There are 5 individual case reports9–13 documenting venlafaxine-associated bleeding. Currently, there are no published reports documenting an association between abnormal bleeding and duloxetine and desvenlafaxine. With the increased utilization of SNRIs, more epidemiologic evidence and risk estimation research related to SNRI bleeding may be warranted.

References

1. de Abajo FJ, García-Rodríguez LA. Risk of upper gastrointestinal tract bleeding associated with selective serotonin reuptake inhibitors and venlafaxine therapy: interaction with nonsteroidal anti-inflammatory drugs and effect of acid-suppressing agents. Arch Gen Psychiatry. 2008;65(7):795–803. PubMed doi:10.1001/archpsyc.65.7.795

2. de Abajo FJ, Rodríguez LA, Montero D. Association between selective serotonin reuptake inhibitors and upper gastrointestinal bleeding: population based case-control study. BMJ. 1999;319(7217):1106–1109. PubMed doi:10.1136/bmj.319.7217.1106

3. Krasowska D, Szymanek M, Schwartz RA, et al. Cutaneous effects of the most commonly used antidepressant medication, the selective serotonin reuptake inhibitors. J Am Acad Dermatol. 2007;56(5):848–853. PubMed doi:10.1016/j.jaad.2006.10.020

4. van Zwieten PA. Pathophysiological relevance of serotonin. J Cardiovasc Pharmacol. 1987;10(suppl 3):S19–S25. PubMed doi:10.1097/00005344-198706103-00006

5. Mercado CP, Kilic F. Molecular mechanisms of SERT in platelets: regulation of plasma serotonin levels. Mol Interv. 2010;10(4):231–241. PubMed doi:10.1124/mi.10.4.6

6. Hougardy DM, Egberts TC, van der Graaf F, et al. Serotonin transporter polymorphism and bleeding time during SSRI therapy. Br J Clin Pharmacol. 2008;65(5):761–766. PubMed doi:10.1111/j.1365-2125.2008.03098.x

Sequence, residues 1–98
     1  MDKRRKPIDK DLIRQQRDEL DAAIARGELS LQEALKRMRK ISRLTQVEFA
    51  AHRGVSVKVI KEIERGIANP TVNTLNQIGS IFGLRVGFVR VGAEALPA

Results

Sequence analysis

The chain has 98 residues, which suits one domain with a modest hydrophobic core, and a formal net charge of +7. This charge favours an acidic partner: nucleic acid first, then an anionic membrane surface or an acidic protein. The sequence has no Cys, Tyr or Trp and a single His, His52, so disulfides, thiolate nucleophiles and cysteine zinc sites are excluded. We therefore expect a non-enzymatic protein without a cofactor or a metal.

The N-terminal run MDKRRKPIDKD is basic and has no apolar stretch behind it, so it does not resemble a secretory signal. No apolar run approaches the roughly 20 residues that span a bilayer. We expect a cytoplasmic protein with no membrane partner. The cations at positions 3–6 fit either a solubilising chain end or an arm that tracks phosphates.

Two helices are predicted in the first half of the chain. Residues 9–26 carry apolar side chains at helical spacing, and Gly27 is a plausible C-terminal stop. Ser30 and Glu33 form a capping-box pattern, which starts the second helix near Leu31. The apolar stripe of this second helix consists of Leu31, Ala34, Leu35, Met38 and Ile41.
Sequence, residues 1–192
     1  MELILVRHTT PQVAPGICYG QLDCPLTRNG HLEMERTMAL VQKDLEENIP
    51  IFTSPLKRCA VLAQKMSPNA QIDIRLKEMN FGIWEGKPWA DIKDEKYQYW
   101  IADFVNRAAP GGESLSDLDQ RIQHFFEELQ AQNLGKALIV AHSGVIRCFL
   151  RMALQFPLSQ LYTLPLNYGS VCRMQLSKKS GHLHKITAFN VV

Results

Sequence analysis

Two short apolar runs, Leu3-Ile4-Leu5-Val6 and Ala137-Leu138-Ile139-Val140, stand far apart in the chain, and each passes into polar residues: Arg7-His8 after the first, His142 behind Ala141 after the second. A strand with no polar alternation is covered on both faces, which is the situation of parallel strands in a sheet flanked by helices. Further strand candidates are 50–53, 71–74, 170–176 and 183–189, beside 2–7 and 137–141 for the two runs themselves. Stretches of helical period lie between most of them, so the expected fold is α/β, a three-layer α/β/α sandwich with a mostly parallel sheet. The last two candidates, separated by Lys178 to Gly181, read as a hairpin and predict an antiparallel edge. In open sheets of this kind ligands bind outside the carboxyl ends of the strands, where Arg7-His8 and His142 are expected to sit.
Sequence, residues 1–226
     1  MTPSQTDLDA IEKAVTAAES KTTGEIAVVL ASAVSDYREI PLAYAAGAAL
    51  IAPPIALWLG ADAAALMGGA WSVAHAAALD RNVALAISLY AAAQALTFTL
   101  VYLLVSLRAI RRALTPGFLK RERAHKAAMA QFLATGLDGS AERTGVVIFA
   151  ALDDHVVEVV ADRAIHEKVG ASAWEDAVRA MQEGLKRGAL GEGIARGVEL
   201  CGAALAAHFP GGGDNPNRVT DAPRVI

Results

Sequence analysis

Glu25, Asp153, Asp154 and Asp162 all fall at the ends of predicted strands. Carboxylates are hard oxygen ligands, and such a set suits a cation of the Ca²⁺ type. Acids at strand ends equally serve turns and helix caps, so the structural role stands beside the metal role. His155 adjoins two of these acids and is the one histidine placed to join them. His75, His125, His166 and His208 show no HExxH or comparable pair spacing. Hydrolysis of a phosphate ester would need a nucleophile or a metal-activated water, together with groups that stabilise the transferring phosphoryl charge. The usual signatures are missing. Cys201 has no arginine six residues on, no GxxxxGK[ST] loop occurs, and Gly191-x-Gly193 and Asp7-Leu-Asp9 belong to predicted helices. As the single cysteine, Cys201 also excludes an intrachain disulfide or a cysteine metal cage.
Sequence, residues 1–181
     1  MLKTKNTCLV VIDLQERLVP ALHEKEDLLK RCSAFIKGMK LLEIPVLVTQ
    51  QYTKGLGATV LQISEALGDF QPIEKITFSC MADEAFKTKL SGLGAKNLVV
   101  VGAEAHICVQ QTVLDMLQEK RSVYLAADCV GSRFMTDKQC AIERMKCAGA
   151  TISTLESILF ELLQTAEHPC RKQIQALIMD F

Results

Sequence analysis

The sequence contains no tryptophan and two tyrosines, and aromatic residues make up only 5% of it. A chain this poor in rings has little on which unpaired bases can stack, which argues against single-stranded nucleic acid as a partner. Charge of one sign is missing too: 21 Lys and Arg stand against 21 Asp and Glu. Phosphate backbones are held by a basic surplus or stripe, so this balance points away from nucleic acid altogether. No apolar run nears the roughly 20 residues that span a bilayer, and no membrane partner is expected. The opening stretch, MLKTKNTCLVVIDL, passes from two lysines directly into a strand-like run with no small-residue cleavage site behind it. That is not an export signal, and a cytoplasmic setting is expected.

7. Hergovich N, Aigner M, Eichler HG, et al. Paroxetine decreases platelet serotonin storage and platelet function in human beings. Clin Pharmacol Ther. 2000;68(4):435–442. PubMed doi:10.1067/mcp.2000.110456

8. Meijer WEE, Heerdink ER, Nolen WA, et al. Association of risk of abnormal bleeding with degree of serotonin reuptake inhibition by antidepressants. Arch Intern Med. 2004;164(21):2367–2370. PubMed doi:10.1001/archinte.164.21.2367

9. Benazzi F. Hemorrhages during escitalopram-venlafaxine-mirtazapine combination treatment of depression. Can J Psychiatry. 2005;50(3):184. PubMed

10. Tham CJ, Trew M, Brager N. Abnormal clotting and production of factor VIII inhibitor in a patient treated with venlafaxine. Can J Psychiatry. 1999;44(9):923–924. PubMed

11. Ghio L, Puppo S, Presta A. Venlafaxine and risk of upper gastrointestinal bleeding in elderly depression. Curr Drug Saf. 2012;7(5):389–390. PubMed doi:10.2174/157488612805076589

12. Sarma A, Horne MK 3rd. Venlafaxine-induced ecchymoses and impaired platelet aggregation. Eur J Haematol. 2006;77(6):533–537. PubMed doi:10.1111/j.0902-4441.2006.t01-1-EJH2919.x

13. Linnebur SA, Saseen JJ, Pace WD. Venlafaxine-associated vaginal bleeding. Pharmacotherapy. 2002;22(5):652–655. PubMed doi:10.1592/phco.22.8.652.33219

Jasmine E. Carpenter, PharmD, BCPS, BCPPa

Jasmine.carpenter@va.gov

Juliette Fombi, BAb

Otoobong Udoka, MDc

Vicenzio Holder-Perkins, MDc

aDepartment of Pharmacy and Mental Health, Veterans Affairs Medical Center, Washington, DC

bCollege of Pharmacy, Howard University, Washington, DC

cDepartment of Mental Health, Veterans Affairs Medical Center, Washington, DC

Potential conflicts of interest: None.

Funding/support: None.

Disclaimer: The views expressed in this letter are those of the authors and do not necessarily reflect the official policy or position of the US Department of Veterans Affairs.

Published online: May 5, 2016.

Prim Care Companion CNS Disord 2016;18(3):doi:10.4088/PCC.15l01886

© Copyright 2016 Physicians Postgraduate Press, Inc.